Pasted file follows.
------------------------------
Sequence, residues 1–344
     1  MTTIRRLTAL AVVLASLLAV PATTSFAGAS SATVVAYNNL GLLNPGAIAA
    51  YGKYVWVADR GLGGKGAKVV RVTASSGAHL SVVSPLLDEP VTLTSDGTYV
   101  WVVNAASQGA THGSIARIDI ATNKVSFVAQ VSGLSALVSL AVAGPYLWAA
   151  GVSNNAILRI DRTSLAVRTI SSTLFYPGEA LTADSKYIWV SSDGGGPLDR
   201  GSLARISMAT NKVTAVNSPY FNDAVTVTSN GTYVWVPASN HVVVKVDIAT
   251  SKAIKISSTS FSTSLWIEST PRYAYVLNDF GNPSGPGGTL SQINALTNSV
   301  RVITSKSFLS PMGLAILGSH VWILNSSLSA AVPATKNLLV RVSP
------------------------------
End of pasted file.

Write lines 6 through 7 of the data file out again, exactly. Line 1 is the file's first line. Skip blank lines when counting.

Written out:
   201  GSLARISMAT NKVTAVNSPY FNDAVTVTSN GTYVWVPASN HVVVKVDIAT
   251  SKAIKISSTS FSTSLWIEST PRYAYVLNDF GNPSGPGGTL SQINALTNSV